Today 25th day of April, is marked as World Malaria Day. Globally the day is used to reflect on the successes and challenges in the fight against malaria. It is also a day to highlight what we all need to do to get us closer to a malaria-free country. Every positive step we take, leads us to a day, when malaria is no more.

Over the past two decades we’ve made great progress in the fight against malaria, saving more lives and preventing malaria related disabilities. However, as long as malaria exists, it threatens the poorest and most vulnerable, and has the potential to worsen, in times of public health crises, such as we face now.

It is unfortunate, this year COVID-19 is threatening the progress we have made in the fight against malaria. Now more than ever before, we need to put all our arsenals together to act more effectively.

As we continue to battle with COVID-19, I will like to also highlight the importance of strengthening the health and surveillance systems, to help us respond to emerging diseases while also protecting and consolidating hard-fought progress against malaria, a long-standing deadly and dangerous foe.

COVID-19 is straining our national health systems and challenging families, communities and countries. We are indeed not in normal times. I entreat all, especially political, traditional, religious and private sector leaders to reaffirm our commitment to fight and end malaria.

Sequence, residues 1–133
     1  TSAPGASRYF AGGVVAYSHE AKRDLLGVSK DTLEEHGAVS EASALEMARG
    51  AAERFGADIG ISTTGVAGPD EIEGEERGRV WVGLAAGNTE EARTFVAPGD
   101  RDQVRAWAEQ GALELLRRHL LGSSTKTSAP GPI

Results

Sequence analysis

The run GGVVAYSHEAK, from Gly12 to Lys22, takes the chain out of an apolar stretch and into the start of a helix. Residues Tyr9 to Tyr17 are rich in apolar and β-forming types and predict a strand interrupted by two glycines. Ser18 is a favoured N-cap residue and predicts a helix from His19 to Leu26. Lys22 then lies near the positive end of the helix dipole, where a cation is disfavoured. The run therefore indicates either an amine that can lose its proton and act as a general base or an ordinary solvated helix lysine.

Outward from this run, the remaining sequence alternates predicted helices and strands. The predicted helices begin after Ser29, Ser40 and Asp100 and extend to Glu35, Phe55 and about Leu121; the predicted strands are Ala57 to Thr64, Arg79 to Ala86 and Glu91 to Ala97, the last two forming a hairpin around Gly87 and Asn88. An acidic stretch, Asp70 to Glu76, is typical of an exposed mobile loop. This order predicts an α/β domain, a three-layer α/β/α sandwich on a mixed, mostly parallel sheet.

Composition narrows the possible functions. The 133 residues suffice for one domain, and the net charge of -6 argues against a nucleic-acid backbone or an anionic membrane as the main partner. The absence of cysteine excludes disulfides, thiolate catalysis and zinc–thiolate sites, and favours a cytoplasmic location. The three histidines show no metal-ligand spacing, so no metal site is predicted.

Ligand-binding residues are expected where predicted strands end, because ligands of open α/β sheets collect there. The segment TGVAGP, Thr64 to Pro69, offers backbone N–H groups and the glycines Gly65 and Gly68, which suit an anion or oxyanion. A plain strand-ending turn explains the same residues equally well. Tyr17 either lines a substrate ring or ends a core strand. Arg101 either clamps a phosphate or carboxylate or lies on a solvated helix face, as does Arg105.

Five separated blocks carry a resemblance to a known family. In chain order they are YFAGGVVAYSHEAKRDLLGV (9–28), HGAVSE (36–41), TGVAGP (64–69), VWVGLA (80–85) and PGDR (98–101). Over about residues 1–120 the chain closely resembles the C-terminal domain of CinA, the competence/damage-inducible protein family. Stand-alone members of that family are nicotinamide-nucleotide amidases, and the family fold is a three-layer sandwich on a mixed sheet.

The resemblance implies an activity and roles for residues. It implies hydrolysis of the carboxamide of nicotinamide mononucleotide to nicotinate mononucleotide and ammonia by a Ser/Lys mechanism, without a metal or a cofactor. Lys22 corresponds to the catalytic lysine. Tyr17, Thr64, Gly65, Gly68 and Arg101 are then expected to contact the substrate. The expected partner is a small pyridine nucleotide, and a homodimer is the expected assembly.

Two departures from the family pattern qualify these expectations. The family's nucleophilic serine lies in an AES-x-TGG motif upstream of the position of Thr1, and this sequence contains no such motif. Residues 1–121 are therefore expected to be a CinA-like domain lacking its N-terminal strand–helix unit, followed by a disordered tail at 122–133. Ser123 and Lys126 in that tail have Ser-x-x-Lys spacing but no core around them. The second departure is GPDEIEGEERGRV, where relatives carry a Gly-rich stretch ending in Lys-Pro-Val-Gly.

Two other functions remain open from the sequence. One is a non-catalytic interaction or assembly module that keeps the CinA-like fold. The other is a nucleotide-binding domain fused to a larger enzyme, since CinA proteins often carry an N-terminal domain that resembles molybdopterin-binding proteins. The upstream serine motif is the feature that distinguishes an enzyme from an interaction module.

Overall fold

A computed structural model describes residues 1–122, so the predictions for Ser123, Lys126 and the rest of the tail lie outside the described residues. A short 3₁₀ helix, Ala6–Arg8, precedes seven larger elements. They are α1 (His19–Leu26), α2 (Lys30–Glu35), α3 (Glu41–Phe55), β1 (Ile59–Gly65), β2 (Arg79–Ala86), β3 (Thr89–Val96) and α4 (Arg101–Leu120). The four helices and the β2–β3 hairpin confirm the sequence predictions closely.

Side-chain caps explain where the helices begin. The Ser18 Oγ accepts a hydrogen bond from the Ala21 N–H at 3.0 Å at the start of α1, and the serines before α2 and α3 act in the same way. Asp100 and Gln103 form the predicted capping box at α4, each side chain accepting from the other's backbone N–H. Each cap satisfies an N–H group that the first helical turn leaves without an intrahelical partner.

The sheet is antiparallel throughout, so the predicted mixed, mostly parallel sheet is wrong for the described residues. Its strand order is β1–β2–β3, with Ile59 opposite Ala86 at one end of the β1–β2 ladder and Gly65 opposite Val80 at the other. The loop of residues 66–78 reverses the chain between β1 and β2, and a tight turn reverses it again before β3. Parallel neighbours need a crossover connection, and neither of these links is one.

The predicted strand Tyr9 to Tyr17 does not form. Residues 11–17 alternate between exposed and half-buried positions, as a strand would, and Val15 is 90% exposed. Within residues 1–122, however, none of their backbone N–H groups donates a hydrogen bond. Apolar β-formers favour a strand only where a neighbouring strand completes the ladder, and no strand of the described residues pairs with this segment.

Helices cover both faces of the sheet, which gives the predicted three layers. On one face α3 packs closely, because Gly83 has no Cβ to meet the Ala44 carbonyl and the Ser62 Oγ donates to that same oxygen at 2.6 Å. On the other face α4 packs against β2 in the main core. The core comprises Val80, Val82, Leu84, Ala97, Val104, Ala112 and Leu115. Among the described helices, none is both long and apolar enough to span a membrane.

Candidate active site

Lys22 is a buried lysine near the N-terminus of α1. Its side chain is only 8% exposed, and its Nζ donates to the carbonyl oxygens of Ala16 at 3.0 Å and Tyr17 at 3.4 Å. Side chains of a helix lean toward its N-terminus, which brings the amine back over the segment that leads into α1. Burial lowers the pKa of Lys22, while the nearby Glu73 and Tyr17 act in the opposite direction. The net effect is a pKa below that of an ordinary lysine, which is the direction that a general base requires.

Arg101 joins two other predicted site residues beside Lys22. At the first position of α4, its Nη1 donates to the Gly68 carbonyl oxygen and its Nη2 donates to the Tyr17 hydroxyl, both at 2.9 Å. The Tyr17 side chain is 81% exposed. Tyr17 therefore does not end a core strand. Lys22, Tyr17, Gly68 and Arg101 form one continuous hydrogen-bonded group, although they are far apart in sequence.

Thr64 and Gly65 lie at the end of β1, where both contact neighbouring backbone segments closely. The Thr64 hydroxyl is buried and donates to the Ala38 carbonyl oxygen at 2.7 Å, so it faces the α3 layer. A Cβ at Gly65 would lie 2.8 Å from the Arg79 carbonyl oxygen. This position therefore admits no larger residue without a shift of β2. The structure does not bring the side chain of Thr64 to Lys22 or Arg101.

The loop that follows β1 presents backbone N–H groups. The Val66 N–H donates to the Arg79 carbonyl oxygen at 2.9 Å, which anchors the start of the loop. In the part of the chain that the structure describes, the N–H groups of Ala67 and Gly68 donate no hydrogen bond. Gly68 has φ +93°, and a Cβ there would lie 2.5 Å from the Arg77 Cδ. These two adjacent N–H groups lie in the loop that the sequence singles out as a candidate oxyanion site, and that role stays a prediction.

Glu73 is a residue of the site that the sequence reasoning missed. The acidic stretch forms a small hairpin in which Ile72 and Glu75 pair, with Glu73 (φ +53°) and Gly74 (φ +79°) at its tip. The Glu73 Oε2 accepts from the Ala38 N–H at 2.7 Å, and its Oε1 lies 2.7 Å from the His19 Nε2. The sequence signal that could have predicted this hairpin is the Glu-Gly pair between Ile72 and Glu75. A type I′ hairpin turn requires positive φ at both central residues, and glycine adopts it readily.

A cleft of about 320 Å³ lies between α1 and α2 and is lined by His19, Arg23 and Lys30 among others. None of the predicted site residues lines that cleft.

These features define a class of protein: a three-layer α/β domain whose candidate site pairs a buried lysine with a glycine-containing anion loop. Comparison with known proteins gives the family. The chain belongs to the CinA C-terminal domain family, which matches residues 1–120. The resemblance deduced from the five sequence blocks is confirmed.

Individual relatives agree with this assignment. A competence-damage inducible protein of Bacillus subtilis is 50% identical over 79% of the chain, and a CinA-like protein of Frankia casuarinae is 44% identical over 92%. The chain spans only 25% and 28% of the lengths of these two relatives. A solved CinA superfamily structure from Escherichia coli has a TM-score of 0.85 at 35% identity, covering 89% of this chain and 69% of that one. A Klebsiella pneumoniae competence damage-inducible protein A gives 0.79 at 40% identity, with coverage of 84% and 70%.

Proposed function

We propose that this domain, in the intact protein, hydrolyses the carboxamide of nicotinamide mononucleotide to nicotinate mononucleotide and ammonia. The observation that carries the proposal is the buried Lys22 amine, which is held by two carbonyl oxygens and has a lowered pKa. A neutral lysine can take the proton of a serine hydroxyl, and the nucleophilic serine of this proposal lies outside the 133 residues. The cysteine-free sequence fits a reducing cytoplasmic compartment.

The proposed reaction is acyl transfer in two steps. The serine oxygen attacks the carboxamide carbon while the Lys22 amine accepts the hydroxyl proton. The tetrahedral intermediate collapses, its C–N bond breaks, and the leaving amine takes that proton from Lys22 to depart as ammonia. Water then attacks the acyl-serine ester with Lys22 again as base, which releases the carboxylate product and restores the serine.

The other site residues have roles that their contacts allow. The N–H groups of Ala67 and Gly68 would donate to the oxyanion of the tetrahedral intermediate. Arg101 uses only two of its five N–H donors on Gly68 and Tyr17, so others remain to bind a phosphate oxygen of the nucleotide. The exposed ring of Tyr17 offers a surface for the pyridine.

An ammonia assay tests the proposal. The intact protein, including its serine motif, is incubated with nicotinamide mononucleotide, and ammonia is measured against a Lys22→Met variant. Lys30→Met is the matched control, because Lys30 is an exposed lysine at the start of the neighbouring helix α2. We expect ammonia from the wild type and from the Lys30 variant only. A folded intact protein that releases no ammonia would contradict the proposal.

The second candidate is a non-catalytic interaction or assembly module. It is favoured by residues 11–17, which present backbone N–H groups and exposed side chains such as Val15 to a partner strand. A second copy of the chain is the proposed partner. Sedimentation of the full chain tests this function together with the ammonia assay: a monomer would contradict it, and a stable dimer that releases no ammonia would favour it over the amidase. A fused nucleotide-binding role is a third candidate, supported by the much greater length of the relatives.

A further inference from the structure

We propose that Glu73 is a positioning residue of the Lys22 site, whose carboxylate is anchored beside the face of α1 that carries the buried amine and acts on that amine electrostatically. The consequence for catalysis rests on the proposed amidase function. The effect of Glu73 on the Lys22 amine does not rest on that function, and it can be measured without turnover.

COVID-19 has shown us that, diseases don’t respect borders and persons. By working together, we can end malaria and overcome new threats to global public health, such as COVID-19.
Malaria strikes hardest against pregnant women and children in sub-Saharan Africa. We must prioritize reaching these groups with life-saving interventions, to help reduce further the morbidity and mortality attributable to malaria. While malaria deaths in children under five dropped in 2018, children under five still accounted for 50% of total malaria deaths
Indeed, efforts to limit the spread of COVID-19 are necessary to protect health systems and the population at large, yet these efforts, must not compromise access to life-saving malaria prevention, diagnosis and treatment services or threaten to reverse decades of hard-fought progress against malaria.
I entreat you, as we continue to observe the protocols of COVID-19, to also pay attention to proper diagnosis of suspected malaria.

Let me also encourage you to sleep under a treated mosquito net, which will prevent mosquitoes from biting you and your family.
Pregnant women should call on the nearest health facilities for the Intermittent preventive treatment (IPTp- SP medicines) to protect themselves and their unborn children.
I call on all, to commit to supporting this fight by promoting antenatal care, advocating for increased investment in malaria and other health programmes and by simply standing in solidarity with those who are most affected by this disease.

Ultimately, if we, and our development partners, invest in malaria control and prevention, and prioritize support for those at highest risk, we will make a notable impact against this deadly disease.
Zero malaria is achievable when we all show commitment and collaborate better. We won’t achieve this overnight, but we will certainly get there, if we all work together.
Zero Malaria starts with me, with you and with all of us.

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